Anomaly detection uses many of the algorithms in machine learning, and looks for outliers. When executed correctly, these alerts operate in real time and offer context – correlating each incident to similar anomalies, relevant factors and the potential root cause. These are capabilities that BI/data visualization tools simply can’t capture alone.
Requirements for Successful Anomaly Detection
The webinar participants went on to cover several requirements for a successful anomaly detection system. These include:
- Real-time capabilities
- Accuracy: false-positives vs. false-negatives
- And more…
The experts discussed how anomaly detection should be comprehensive, continuous, adaptive and accurate, and how irrelevant data ‘noise’ should be filtered down to relevant insights that can be processed in real time.
This all means not simply having the ability to process a lot of data in real time, but to also find anomalies without any human involvement. The idea of being truly autonomous means a system that can learn practically everything on its own, with minimum to no human intervention.
The Pitfalls of Using Open Source Solutions
The experts also discussed the rapid increase in the last few years of organizations developing in-house, open source solutions to tackle the challenge of anomaly detection. Those considering buying these types of systems, however, should consider not only budget, but processes for how to evaluate systems or even models from third parties.
Kejariwal said the open source solution he developed and managed at Twitter had its limitations.
“When we were working on Twitter open source,“ Kejariwal said, “timeliness and real-time detection were both very important. If the system caught an anomaly that warranted action, but you only found it two hours later, that would result in a poor user experience and low adoption, where users couldn’t tweet or retweet and so on. So in this case timeliness was critical.”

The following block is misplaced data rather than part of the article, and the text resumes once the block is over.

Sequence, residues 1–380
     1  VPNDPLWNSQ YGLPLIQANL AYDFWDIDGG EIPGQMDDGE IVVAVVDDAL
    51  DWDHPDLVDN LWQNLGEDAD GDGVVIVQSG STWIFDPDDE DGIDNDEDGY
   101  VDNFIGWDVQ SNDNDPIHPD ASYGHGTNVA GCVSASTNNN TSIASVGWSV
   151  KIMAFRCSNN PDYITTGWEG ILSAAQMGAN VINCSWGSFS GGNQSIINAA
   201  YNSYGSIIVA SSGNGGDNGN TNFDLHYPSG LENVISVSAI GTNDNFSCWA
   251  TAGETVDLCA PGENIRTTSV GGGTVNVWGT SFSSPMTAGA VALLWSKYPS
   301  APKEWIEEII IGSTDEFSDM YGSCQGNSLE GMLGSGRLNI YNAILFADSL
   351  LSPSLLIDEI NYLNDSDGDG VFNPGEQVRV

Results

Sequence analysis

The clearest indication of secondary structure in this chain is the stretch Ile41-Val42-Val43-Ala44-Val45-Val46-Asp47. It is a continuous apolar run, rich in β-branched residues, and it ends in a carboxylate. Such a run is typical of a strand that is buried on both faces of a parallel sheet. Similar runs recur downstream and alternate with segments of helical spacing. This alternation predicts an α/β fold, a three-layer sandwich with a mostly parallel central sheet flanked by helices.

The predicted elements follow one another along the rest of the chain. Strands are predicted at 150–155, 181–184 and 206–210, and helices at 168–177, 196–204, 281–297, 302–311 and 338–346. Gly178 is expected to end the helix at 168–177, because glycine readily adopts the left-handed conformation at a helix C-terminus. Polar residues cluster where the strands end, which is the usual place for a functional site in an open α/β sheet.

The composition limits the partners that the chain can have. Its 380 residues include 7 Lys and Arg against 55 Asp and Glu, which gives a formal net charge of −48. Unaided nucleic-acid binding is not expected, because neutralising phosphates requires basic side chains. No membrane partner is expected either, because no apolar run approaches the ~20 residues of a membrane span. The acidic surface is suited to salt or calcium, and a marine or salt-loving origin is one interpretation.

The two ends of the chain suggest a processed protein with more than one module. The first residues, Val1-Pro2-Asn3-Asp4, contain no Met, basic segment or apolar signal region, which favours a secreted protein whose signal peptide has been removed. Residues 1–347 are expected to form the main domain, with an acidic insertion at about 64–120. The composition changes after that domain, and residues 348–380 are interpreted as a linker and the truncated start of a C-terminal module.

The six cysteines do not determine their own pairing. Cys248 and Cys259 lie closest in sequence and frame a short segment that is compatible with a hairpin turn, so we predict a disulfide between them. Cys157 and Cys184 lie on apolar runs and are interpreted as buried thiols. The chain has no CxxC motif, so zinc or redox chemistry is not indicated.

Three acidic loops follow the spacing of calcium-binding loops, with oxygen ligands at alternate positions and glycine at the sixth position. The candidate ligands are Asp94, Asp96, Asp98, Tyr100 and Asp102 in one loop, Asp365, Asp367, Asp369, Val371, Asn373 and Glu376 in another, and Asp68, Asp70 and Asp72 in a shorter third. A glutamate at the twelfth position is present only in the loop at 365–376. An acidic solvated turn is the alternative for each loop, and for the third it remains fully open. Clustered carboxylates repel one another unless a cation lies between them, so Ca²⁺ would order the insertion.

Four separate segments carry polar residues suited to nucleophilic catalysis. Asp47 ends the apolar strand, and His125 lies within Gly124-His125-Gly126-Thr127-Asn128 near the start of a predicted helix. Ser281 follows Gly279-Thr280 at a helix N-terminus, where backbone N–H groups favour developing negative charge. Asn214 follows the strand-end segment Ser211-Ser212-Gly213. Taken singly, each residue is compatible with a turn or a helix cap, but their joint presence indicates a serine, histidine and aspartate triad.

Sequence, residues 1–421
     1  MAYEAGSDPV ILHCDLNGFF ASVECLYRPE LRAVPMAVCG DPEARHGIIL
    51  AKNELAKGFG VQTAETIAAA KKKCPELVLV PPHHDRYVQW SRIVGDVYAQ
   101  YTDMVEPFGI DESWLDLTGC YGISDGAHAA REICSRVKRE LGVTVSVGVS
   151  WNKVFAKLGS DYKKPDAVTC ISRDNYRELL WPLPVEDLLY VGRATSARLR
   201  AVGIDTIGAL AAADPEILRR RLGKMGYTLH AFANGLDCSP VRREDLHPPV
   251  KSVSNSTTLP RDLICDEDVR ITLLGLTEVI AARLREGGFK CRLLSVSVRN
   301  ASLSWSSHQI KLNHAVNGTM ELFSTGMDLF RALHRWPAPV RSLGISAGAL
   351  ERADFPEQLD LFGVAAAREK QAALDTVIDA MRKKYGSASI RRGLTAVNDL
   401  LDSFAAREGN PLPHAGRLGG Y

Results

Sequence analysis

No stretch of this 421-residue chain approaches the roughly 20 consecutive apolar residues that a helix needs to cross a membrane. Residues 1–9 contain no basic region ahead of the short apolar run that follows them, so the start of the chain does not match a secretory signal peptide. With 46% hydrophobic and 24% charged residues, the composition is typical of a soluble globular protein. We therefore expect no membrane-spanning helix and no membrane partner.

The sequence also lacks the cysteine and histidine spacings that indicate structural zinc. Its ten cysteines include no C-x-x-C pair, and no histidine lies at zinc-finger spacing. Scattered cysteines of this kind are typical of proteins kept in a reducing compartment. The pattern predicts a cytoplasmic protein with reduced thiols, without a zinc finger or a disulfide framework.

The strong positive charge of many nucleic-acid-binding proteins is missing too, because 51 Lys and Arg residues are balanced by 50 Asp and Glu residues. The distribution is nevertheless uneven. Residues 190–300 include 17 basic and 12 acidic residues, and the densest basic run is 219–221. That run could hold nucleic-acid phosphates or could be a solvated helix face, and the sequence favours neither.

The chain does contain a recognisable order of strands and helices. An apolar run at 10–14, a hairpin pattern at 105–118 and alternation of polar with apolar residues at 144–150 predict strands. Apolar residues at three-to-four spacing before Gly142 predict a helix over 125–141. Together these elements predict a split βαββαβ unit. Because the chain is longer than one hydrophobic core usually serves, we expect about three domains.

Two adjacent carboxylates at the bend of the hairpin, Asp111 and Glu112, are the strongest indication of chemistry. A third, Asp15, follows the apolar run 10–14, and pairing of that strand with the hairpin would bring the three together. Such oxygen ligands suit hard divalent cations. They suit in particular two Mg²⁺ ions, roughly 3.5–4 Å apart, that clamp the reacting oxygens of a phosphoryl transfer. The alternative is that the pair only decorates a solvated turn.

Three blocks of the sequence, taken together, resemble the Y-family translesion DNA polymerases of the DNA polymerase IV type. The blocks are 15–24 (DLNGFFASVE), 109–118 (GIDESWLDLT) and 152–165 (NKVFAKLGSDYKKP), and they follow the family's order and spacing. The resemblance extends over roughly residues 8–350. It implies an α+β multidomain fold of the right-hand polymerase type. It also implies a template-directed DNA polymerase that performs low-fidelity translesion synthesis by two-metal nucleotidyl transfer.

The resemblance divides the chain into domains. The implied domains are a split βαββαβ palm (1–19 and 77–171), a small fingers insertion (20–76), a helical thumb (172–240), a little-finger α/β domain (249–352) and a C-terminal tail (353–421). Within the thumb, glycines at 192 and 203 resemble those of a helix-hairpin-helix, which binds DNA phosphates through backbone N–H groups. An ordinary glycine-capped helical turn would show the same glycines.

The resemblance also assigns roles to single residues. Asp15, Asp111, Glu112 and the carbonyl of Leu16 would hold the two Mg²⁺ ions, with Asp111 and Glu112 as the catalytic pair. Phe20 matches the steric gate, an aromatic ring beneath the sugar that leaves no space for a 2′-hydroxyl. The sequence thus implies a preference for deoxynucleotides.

Cohen expanded on this point as well, stating that it’s easy to get something working with some of the data using open source, but to have a system that understands scale and time series, you need to have models that take into account the dynamics of what you’re measuring. “You might decide to create a team around an in-house solution with a data scientist or two, and you may do some testing to try to define the product,” Cohen said. “You’re spending time and money but not really resolving your incidents; you just hope you don’t get hit with another big incident before the project is over. The key is for these types of solutions to be thought of not as a one-time project, but as a product that needs to be built and maintained over the long haul. When it’s not, it’s almost always destined to fail.”
View the webinar to learn more about how to successfully utilize time series anomaly detection for your business.